I’ve never been a fan of appendix carry. As a husky guy, I won’t deny that it’s always been uncomfortable, since all other CCW options have at least a portion of the weapon under the belt or above. That always results in poking and jabbing of the gun into my belly. Even the Smart Carry doesn’t carry low enough. With a good belt buckle, it’s good enough to help me carry where it’s frowned upon, even through metal detectors. But I’m still faced with the dilemma of comfort.
Yesterday, I carried my Shield in the Urban Carry all day. Traveled in a car. Sat around a campfire. Did a lot of sitting and getting up. Because this holster positions the entire gun on top of your thigh, below the belt, it just folds up at the standard crease of the jeans. No pinching or discomfort!
This holster is quickly becoming one of favorites! I do not believe that there is a one-holster-for-all-situations. As any CCW carrier will tell you, there are different needs for different situations. And sometimes you may even choose to have different handguns for different situations. I’m hoping for a family heirloom S&W 38 revolver someday, that I’d rotate into my CCW choices.
But one promising feature with the Urban Carry is that I foresee wearing it with shorts more comfortably than any of my other holsters. And with our warm summer coming pretty soon, I look forward to the results.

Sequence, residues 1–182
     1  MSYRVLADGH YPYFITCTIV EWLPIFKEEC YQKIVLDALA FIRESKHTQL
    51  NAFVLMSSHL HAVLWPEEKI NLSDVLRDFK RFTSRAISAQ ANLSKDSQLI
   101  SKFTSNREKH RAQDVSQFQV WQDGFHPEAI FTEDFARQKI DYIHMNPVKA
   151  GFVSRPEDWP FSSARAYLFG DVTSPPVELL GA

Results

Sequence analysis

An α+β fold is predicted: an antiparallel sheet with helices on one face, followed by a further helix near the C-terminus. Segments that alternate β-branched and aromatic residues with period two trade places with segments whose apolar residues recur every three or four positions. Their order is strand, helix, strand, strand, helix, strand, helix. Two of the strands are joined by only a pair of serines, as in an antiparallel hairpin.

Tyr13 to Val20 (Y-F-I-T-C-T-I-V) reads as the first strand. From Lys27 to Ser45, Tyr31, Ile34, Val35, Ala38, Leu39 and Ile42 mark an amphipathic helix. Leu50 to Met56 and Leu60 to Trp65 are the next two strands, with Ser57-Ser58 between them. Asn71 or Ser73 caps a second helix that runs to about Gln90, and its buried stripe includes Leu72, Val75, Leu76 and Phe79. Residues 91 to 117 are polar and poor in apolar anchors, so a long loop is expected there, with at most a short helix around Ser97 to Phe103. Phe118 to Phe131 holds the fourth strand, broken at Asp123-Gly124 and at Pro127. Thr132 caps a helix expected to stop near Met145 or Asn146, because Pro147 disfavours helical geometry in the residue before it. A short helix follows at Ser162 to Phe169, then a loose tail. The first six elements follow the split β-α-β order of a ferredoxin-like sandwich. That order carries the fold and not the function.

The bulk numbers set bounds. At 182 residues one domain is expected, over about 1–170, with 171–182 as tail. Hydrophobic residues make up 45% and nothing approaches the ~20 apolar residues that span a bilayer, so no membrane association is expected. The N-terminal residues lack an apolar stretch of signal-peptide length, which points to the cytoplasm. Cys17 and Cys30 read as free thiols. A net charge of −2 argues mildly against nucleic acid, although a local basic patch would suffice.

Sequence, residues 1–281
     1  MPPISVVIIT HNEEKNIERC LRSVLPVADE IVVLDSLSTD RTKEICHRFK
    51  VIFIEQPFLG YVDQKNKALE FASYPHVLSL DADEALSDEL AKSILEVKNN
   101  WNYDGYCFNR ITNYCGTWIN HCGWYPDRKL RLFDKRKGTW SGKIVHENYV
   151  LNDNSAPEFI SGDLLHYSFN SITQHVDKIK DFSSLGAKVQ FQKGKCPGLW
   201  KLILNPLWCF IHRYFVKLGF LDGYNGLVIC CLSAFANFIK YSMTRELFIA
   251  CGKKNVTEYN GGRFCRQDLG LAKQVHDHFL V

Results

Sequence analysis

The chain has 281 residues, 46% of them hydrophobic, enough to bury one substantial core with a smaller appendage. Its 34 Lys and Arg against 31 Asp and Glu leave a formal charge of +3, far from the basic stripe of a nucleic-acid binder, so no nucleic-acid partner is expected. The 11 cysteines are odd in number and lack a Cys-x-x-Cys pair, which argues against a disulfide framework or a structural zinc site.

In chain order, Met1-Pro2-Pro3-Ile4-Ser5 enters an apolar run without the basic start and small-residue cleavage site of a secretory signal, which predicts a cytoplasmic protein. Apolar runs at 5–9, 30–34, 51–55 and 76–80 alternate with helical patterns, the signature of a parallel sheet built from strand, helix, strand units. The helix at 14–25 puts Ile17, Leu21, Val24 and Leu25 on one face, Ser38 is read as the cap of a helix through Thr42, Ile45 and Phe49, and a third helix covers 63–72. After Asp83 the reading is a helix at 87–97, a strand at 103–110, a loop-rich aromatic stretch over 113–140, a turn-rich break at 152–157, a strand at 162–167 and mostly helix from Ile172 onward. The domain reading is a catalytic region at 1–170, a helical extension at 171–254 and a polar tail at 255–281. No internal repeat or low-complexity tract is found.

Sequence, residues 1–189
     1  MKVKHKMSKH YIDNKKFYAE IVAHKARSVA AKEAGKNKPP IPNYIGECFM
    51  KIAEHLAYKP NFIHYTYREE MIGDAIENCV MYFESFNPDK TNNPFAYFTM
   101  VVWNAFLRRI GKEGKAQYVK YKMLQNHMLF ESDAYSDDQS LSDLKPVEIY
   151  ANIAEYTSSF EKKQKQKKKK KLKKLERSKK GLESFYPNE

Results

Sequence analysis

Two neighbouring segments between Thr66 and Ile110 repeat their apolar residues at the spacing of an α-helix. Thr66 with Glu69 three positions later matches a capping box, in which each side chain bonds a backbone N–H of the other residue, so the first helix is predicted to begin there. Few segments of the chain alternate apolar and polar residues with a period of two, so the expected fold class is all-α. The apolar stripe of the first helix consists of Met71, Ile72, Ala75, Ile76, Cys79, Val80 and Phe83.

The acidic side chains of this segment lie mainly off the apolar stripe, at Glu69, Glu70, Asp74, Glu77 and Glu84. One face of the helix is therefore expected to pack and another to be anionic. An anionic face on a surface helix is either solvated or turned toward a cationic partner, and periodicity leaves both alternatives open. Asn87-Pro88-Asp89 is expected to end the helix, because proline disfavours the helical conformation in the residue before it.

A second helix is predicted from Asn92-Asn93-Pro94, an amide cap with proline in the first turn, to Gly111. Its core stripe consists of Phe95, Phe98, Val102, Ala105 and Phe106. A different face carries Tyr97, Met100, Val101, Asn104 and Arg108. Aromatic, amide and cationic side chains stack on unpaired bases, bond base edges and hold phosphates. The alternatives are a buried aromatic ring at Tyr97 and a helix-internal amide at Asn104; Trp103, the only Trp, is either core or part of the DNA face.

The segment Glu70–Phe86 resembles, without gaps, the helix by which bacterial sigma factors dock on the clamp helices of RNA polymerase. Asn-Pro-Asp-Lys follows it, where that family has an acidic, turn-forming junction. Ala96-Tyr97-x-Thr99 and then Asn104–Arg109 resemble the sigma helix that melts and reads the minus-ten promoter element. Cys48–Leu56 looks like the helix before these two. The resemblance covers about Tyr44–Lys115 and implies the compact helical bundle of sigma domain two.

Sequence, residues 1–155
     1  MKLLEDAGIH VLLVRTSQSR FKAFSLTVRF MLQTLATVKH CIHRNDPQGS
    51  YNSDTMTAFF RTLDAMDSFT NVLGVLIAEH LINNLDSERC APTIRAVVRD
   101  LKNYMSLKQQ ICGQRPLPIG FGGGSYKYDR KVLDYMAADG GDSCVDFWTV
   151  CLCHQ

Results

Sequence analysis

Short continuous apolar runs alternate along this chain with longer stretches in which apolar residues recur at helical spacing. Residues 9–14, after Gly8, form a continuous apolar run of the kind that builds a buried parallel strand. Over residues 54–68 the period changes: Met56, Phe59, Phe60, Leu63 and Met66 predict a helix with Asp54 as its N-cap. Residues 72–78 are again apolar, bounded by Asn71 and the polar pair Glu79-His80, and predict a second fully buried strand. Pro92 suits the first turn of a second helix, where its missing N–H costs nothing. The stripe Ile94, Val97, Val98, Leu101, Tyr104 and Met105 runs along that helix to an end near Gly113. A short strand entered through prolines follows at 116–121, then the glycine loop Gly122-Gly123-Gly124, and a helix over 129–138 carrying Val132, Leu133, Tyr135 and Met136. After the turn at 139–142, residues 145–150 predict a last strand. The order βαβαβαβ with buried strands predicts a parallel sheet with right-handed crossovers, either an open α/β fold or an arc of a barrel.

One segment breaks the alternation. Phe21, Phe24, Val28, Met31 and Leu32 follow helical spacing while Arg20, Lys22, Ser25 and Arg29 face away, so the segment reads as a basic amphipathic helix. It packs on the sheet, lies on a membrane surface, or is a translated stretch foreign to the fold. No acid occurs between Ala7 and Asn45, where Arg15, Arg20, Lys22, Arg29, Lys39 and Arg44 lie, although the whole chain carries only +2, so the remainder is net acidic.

I’ve asked two LEOs to pat me down, with zero warning about the two pocket knives or the weapon in the holster, a bit closer to my junk than the photo above. One of them found it, the other didn’t. I will admit, the deputy who did a rotation in the jail with my cohorts and myself, is the one who found it. Generally, jail staff do significantly better pat downs.
Today, I’m wearing the Urban Carry on my 3+ hour Amtrak ride. Mostly sitting and going to the bathroom. Those bathrooms are just a tiny bit more roomy than an airliner’s restroom. So that was a good test to see how I could navigate the space. I had more trouble just standing up and keeping good aim, than I did with the holster. It’s attached to my belt, so didn’t see the need to unholster and find a place to safely set it, while I took care of business.
Urban Carry…+1 more
CCW hassles with safe gun storage…0
Today I wore it to church. Sitting wasn’t a problem. Before the service started, I stood up and mentally pictured me drawing. I see zero issues, after some muscle memory building, with drawing from this holster. Kneeling, with the leg that has the firearm, also a non-issue.
The next time I wore it was to see how it does while I’m riding my city bike around the block.
That ended well. Didn’t hinder me at all. I ride a Electra Loft 7i. It’s sorta a city bike cruiser. I could easily see being quick enough to position my carrying leg for a nice straight up draw. I wanted to take photos, but couldn’t really do it with enough light, and NOT front myself off in view of the public.
However I think with the amount that I’ve worn this really great holster, I’ve found two issues that stand out.